I am a huge fan of Chrissy Teigen she is like my spirit animal. So when I heard that she wrote an article for Glamour Magazine I had to go check it’s out.
If you haven’t read it, Chrissy discuss that even though she has it all; the loving husband, a beautiful daughter and a great career. She struggled with postpartum depression.
Like so many women after having a child, she was suffering from postpartum depression. 1 in 9 women will be diagnosed with post partum depression. As I am reading this I was reminded of my current and continuous struggle with postpartum depression.
*takes deep breath*
That’s right, I was diagnosed with postpartum depression last November. Now for the people who know me I was a bubbly warm person but the day I had my daughter I was just a different person. I remember coming home from the hospital and crying in the bed while holding my sleeping daughter. The tears just came and I questioned myself and my capabilities. I doubted myself a lot and thought maybe she’s better off without me. I thought about running away at times.
Within days of having my daughter it was time to hit the road and relocate to a new city. What was once exciting thought to me was more so a numbing feeling after I had a baby. Once I relocated all I wanted to do was lock myself up in the bedroom. I would barely eat, which isn’t good for a breast-feeding mother . The crying would continue whether it was in the shower or moments where I would lock myself in the bathroom and quietly sob. I didn’t want people to think something was wrong with me or that I was crazy; and I didn’t want my boyfriend to worry, so I kept it to myself.
I had such high anxiety came night fall and then eventually I became snappy to people whether it was my mother or my boyfriend. And trust me we fought a lot. I was snappy one minute and then I wouldn’t remember why I was snappy or I was snappy one minute and then crying the next. I didn’t want to be around people I didn’t want to be bubbly social Michelle I just wanted to be left alone in my room. I knew something was seriously wrong when I started to have dreams of my body failing me. I remember vividly a dream in which I was holding my daughter at the top of the stairs and then my body would just fail on me causing her to fall out of my arms and tumble-down the stairs while I watched helplessly.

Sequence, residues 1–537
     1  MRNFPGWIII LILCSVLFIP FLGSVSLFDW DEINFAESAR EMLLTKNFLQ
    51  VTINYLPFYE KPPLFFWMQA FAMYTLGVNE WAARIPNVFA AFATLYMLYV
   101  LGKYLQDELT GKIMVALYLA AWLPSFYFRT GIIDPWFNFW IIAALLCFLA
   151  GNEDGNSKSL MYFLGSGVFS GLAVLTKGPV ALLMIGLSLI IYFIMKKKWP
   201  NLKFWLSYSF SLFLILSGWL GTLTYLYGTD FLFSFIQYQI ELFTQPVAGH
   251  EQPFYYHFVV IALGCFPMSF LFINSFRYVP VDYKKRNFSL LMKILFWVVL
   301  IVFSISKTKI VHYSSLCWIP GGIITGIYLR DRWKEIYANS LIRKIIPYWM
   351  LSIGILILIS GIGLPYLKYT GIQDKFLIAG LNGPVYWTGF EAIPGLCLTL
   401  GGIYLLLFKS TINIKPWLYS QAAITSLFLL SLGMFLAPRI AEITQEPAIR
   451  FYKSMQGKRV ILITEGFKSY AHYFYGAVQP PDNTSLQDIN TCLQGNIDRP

Eventually my mother in law caught on and encouraged my boyfriend to get me to go seek help. At first I was in a state of denial. POSTPARTUM DEPRESSION??? nope. Not me! I guess because there is a huge stigma in the black community when it comes to any type of depression. But I believe she saw the symptoms especially because she worked within the healthcare profession. Eventually I decided to seek help because it was really affecting my relationship with my boyfriend and it was taking a toll on him. I went to see my doctor who set me up an appointment with a specialist and after a visit with a social worker and a psychiatrists they could confirm postpartum. I was prescribed medication and I’ll be honest I am so reluctant to take them just because I am breast-feeding and I don’t know if it will seep into the breast milk and affect my child. I am still suffering from postpartum and have my low moments. I am scheduled to see a psychologist to help me through it and I know I will get better and not feel so shitty. So reading Christy story really hit home for me. And her story prompted me to tell my story and to really encourage mothers to get help. To often do I hear stories of mothers killing their children and finding out at that moment they had postpartum that was never treated and they went on for years until finally it was too late.
I am hoping by telling my story it will help a mother realise that they are suffering from postpartum so that they can get the help they desperately need. I am hoping reading this story especially for black mothers that they see this is a problem and not to ignore it or feel label or ashamed but rather seek help. Mental health is a serious issue and if you are not well mentally you won’t be able to parent your child so don’t ignore the signs and don’t feel like it’s not a problem because if it’s not treated it won’t go away.